The Sites of Rome

Veni, Vidi, Vici.  “I came, I saw, I conquered.”

As we move on from Rome to the next leg of our trip in Amalfi, I’ll share with you the sites we visited during our stay in Rome.  I promise I won’t bore you with historical facts!

Our first day of sightseeing was centered on “Ancient” Rome.  For those of you who don’t remember your Roman history, the rise of Rome was about 500 years from 500BC to 1 AD.  The peak of Rome lasted about 200 years, from about 1 AD to 200AD, the transition from a pagan empire to a Christian occurred around 300AD, and the long, slow decline of Rome lasting until the ultimate fall of Rome around 500AD.

We visited the below sites on our first day.

  • The Basilica di San Clemente
  • The Colosseum
  • Palentine Hill
  • The Forum
  • Piazza del Campidoglio

Pictures of the Colosseum do not do it justice as this is a huge stadium; one that serves as a model for many of our current sport stadiums.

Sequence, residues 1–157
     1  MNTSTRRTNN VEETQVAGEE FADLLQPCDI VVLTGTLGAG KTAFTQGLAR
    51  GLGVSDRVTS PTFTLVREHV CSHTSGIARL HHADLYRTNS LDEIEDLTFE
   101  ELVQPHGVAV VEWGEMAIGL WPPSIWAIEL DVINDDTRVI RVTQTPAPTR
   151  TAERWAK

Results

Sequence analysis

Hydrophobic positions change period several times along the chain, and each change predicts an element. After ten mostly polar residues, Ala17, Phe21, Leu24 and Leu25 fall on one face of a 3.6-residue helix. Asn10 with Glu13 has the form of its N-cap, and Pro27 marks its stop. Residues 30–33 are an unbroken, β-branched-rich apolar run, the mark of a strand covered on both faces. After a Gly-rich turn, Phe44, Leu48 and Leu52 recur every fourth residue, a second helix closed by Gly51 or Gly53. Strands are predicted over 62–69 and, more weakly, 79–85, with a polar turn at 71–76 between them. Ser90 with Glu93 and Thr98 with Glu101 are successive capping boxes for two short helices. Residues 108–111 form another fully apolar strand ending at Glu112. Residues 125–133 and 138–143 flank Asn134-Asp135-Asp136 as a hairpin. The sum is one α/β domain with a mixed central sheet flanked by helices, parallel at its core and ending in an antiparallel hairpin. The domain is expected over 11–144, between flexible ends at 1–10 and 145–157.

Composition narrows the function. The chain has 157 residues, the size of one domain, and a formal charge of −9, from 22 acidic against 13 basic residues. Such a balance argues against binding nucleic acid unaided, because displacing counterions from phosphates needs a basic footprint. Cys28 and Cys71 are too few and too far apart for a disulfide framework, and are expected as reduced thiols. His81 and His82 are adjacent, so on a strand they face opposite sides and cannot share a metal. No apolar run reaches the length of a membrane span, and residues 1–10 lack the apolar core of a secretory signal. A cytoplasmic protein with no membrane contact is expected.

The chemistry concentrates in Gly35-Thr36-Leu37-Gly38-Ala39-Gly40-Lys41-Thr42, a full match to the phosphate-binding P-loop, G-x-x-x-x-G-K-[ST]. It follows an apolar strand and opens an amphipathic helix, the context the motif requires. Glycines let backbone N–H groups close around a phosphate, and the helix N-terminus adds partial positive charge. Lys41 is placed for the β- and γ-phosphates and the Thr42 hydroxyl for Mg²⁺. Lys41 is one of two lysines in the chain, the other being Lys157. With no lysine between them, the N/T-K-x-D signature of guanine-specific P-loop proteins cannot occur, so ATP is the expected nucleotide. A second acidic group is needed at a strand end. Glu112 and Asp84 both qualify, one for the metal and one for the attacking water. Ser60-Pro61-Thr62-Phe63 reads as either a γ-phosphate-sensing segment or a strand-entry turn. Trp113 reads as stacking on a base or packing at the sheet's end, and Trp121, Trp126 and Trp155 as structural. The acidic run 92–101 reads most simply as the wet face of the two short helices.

The Triumphal Arch of Constantine 

At The Colosseum

Day 2

We saw the following sites on Day Two:

  • The Pantheon
  • Piazza de Navona
  • Via de Coronardi
  • The Bridge of Angels
  • The Vatican
  • St. Peter’s Basilica
  • The Sistine Chapel
  • Gianicolo Hill
  • The Keyhole on Aventino Hill
  • Trevi Fountain
  • The Spanish Steps

The Pantheon is the best preserved building from the time of ancient Rome.  It has a huge dome that was the inspiration a thousand years later for the Duomo in Florence, the dome of St. Peters in Vatican City, and even our own U.S. Capitol building.  It is incredible to think how they achieved such mathematically perfect dimensions without computers.  It is still the worlds largest dome – no one has yet to surpass it’s width.

Inside The Pantheon

The previous picture shows the “oculus”, a circular opening in the top of the dome, 30 ft. across.

The Two of us at the Pantheon

The outside columns of the Pantheon which make up the portico which were quarried and shaped in Egypt and shipped to Rome.  Each were monolithic (one solid piece) weighing 60 tons and 39 feet in length.  Here is a good writeup on the Pantheon and its construction.

Beth Tossing A Coin Into The Trevi Fountain 

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